Tyler Cravy and the Line

By: Mo Bjonski

On one side of the line lies the big leagues, and its big stadiums, big teams, and big crowds. You stay in 5-star hotels, travel in style, and make more money in a month than most Americans earn in a year. You ply your trade against the best of the best, chasing all-star games, endorsements, and trips to the World Series.

On the other lies Triple-A. The ballparks are either cartoonish or dingey, and there are far many more plastic seats than people to fill them. The hotels are old hat, the flights leave at ridiculous hours, and the salaries are, well, considerably less lucrative. You may or may not care whether you win any games, but you’re probably not cheering for the role-players on the big league team. Many of your teammates are privately rooting for your failure; perhaps you are rooting for theirs as well.

This is the line Tyler Cravy straddled throughout camp. A competitive right-hander with fringy stuff but moxie in spades, Cravy spent six grueling weeks battling for the last spot in Milwaukee’s bullpen. He knew the stakes and pitched his ass off: in 13.1 innings, he struck out 11, walked only 3, and compiled a tidy 2.03 ERA. Alas, it wasn’t enough. Pittsburgh unexpectedly released Jared Hughes, and Brewers GM David Stearns snatched him up two days before the opener. Just like that, the vacancy in Milwaukee’s bullpen slammed shut at the eleventh hour.

Cravy, as you might expect, felt betrayed. Speaking to the media, he said “It would just be nice to have the honesty straight up front instead of, ‘Hey you’re competing for a job,’ then literally out-compete everyone and be told, Sorry, we have other plans.’

“It says a lot about the integrity, or lack thereof, of the guys running the show, but what are you going to do?” He added that he was “not sure I want to play for guys who treat (me) like this,” saying that he might quit and pursue “… a 9 to 5 job where I get treated like a human.”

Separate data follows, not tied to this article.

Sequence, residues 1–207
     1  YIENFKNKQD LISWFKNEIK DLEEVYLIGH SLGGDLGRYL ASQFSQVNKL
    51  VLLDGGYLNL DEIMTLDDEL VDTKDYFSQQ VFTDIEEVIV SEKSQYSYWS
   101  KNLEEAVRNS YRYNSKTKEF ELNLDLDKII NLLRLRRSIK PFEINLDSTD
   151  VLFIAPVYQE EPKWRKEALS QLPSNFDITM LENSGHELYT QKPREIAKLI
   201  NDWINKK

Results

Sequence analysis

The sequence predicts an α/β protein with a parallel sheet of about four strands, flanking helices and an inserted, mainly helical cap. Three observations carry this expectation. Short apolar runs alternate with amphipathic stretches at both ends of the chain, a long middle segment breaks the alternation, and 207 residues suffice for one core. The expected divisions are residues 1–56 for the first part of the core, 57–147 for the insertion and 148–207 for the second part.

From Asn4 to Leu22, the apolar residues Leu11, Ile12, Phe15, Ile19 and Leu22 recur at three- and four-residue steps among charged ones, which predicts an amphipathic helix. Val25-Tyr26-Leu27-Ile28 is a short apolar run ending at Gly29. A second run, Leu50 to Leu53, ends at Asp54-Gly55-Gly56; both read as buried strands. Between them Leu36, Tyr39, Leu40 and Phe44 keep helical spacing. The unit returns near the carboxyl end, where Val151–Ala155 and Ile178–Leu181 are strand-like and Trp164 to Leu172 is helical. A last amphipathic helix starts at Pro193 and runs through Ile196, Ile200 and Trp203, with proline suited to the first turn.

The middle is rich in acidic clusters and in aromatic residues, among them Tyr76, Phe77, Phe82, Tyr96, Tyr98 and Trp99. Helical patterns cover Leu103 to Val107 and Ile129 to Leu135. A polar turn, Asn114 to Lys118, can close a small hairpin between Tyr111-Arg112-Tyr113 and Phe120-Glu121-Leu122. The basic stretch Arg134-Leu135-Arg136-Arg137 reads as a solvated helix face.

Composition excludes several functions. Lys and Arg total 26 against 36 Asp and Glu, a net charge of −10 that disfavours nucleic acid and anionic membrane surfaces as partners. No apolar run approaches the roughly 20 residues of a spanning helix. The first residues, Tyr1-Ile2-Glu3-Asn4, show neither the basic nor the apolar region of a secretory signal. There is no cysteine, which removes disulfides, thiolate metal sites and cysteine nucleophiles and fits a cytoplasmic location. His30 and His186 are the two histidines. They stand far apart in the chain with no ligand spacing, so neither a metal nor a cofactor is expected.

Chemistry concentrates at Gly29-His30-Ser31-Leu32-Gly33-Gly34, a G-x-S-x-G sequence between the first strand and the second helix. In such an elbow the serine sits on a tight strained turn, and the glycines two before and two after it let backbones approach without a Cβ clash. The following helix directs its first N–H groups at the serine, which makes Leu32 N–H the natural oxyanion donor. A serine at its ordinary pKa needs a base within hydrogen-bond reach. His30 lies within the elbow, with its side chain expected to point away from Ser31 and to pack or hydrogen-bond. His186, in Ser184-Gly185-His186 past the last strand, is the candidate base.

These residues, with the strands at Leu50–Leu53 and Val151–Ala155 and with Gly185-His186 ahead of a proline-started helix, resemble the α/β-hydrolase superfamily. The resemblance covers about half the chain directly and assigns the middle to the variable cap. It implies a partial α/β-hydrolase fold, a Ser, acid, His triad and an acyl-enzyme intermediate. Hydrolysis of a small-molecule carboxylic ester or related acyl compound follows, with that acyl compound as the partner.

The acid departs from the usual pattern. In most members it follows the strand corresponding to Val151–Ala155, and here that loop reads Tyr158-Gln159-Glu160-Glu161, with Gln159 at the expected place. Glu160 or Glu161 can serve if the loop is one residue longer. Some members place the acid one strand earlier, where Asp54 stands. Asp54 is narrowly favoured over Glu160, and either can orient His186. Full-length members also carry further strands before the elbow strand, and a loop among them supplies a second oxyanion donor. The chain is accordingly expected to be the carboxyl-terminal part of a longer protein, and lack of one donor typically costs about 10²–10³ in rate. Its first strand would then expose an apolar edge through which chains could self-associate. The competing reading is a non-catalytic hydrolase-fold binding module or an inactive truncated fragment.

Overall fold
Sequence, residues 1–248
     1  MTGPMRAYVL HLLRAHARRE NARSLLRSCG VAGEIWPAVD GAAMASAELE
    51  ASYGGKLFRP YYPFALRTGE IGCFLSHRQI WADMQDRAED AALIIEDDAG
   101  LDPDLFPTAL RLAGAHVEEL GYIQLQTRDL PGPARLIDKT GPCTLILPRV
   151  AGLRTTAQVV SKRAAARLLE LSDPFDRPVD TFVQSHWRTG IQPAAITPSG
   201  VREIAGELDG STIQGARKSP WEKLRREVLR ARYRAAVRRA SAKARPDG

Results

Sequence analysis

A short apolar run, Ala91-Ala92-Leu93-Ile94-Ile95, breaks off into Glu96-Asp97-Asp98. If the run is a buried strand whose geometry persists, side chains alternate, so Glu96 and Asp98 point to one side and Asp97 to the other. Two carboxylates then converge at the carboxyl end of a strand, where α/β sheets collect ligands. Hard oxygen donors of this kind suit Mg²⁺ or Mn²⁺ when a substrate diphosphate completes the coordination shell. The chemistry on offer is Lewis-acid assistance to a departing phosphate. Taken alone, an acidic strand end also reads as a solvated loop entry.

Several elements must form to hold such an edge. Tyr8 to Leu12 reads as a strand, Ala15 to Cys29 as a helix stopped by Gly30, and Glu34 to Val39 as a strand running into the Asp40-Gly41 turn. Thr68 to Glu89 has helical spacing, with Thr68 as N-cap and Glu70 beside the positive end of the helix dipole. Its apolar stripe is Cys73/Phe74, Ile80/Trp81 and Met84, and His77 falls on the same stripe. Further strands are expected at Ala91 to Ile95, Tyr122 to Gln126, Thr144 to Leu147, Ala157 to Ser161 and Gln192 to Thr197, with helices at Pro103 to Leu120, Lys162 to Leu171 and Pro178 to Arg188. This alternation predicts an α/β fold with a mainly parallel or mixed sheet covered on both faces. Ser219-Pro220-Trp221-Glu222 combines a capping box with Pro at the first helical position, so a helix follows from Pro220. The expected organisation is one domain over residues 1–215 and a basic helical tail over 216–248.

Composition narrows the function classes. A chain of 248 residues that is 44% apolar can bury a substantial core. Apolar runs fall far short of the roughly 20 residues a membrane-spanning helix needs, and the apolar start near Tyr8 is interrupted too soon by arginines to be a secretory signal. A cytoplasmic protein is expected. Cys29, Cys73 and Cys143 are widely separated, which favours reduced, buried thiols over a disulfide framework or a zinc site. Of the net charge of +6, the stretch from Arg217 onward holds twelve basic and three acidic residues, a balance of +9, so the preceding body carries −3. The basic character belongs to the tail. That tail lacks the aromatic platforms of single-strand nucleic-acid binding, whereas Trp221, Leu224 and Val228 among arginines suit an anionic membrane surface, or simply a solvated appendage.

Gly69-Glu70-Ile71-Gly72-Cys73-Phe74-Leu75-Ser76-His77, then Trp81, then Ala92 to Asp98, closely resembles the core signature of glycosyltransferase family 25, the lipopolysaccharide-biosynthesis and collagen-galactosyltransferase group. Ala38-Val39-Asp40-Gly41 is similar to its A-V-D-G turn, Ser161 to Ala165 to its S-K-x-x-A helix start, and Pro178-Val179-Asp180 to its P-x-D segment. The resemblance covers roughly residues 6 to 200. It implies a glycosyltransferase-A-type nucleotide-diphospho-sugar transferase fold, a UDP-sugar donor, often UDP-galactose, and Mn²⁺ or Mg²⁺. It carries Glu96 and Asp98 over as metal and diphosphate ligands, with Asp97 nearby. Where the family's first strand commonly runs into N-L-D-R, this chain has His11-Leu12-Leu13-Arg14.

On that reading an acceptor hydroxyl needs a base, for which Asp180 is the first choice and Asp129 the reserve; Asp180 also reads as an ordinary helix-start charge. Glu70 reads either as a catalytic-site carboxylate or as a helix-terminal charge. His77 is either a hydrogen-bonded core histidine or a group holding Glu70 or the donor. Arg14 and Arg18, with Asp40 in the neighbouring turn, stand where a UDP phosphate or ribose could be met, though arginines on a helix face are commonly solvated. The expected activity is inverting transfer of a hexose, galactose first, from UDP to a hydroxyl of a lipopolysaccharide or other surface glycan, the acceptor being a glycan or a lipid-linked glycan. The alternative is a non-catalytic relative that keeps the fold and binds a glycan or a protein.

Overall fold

The words are as strong as they were emotional; Cravy ultimately accepted the decision and one imagines he would have been more diplomatic had he slept on it. Regardless, you have to feel for him. I’ve used the word “literally” in anger too, but only when close to tears. It’s tempting to think “just go pitch well, Tyler, and you’ll be back,” but the advice is hollow. Opening Day is special, and Cravy has never tasted one. Moreover, in his case, Triple-A means Colorado Springs, a graveyard for 27-year-old righties with a 91 mph fastball and a middle school strikeout rate.

But while Cravy is an easy hero, his story has no villain. It’s not Hughes, a bystander far too talented for the waiver wire in the first place. It’s not Stearns either: His duty is to build the best baseball team possible, and he’s will within his rights to decide that Cravy wasn’t one of his top 25. He promised a competition, not a job. If anything, he deserves a nod for deftly responding to pointed criticism – not only from Cravy, but also from Rob Scahill, who felt similarly jilted.

Nobody was in the wrong. Baseball is a competitive game, and the cruel line facing Cravy is at once razor thin and agonizingly resolute. Baseball hath no hell quite like a life on the taxi squad.

A Mascot for All Seasons

By: James Fegan

Earlier this week I learned the answer to a question that has been bugging the baseball world for years now. The White Sox High-A affiliate, the Winston-Salem Dash, are named after the hyphen in the city name. Maybe you don’t think about High-A teams everyday, and this isn’t quite the dedication to naming a team to make a language joke that it would take rename the Yankees “The New York Monikers,” or call a team “The Los Angeles Angels,” but surely it should be enough to earn the Dash the undying loyalty of baseball fans who are also indulgent English major nerds; i.e the entire BP staff.

However, in the wondrously wide world of minor league baseball, this is quite common, and there are dozens of affiliates that have dedicated their team name and franchise ethos to win the devotion of a niche audience. For example…